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Mainstream materials

Most mainstream products are made from plastics such as polypropylene (PP), polyethylene (PE), PET, ABS, polystyrene (PS), glass or metals such as aluminium and steel. 

Although none of these materials are renewable they can all be easily and economically recycled.  They also have excellent structural and manufacturing qualities which many of the alternatives do not have.  


The general rule of thumb for plastics, is “the simpler the better. The more pigment, plasticizers, fire retardants and other additives that are used, the more unfavourable the environmental performance becomes. However, physical performance such as flexibility and UV resistance is vital for a product to work and so compromises must be made.” [1] 

A note about PVC

All plastics have environmental problems, but PVC is by far the worst.  Dioxins are produced in its production, and additional dioxins are produced if PVC is burnt (either by accident or in disposal). "Dioxins are among the most powerful carcinogens known, and they also cause a whole range of other health effects on the reproductive, endocrine, and immune systems." "Workers involved in making PVC or its basic ingredients are exposed to vinyl chloride, a known human carcinogen, and chemicals from PVC production have contaminated groundwater near several plants. PVC also requires the use of many toxic chemical stabilizers, such as lead, cadmium and organotins, and phthalate plasticizers. These chemicals leach, flake, or outgas from the PVC over time, raising risks that include asthma, lead poisoning, and cancer. Because of these additives, recycling is nearly impossible for most PVC products and interferes with the recycling of other plastics." [2]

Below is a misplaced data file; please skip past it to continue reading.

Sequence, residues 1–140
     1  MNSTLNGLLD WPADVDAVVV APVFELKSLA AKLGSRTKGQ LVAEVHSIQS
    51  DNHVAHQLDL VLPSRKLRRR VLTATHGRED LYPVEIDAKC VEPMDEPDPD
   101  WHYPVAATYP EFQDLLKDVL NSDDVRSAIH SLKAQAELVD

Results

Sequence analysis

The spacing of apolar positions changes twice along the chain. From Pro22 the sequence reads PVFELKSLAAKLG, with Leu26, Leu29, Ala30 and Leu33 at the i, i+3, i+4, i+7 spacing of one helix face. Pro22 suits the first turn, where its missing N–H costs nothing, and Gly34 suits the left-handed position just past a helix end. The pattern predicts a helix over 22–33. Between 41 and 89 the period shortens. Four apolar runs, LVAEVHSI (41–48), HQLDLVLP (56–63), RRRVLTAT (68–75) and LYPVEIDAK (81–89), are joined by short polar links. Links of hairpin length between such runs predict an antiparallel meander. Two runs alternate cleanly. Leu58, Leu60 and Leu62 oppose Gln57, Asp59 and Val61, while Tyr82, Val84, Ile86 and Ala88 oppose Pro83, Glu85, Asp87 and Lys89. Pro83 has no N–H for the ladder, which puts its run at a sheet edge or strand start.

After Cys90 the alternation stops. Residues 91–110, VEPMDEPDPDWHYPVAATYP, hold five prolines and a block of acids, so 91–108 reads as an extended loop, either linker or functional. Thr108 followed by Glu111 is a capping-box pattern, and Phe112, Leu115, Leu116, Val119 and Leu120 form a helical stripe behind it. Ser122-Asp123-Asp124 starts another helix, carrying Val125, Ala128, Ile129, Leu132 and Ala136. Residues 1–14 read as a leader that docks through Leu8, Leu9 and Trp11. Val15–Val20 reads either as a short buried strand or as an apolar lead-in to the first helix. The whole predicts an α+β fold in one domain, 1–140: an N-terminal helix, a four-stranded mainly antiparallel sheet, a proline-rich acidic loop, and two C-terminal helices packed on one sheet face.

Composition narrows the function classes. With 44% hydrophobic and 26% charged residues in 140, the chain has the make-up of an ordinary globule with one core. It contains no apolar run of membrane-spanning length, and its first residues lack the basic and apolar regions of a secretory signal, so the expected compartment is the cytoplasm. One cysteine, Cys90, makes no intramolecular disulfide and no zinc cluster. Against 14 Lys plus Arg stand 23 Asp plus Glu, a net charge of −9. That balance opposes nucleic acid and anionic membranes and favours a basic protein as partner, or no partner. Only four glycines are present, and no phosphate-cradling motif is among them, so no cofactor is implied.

[1] Datschefski, E., Materials Choice. 2004.
[2] Source:, May 2007

As ceramics generally have much lower embodied energy than plastics or metals, they can provide a more sustainable materials option for the right applications, such as knives and engine parts.

Updated May 2007, V.A. Lofthouse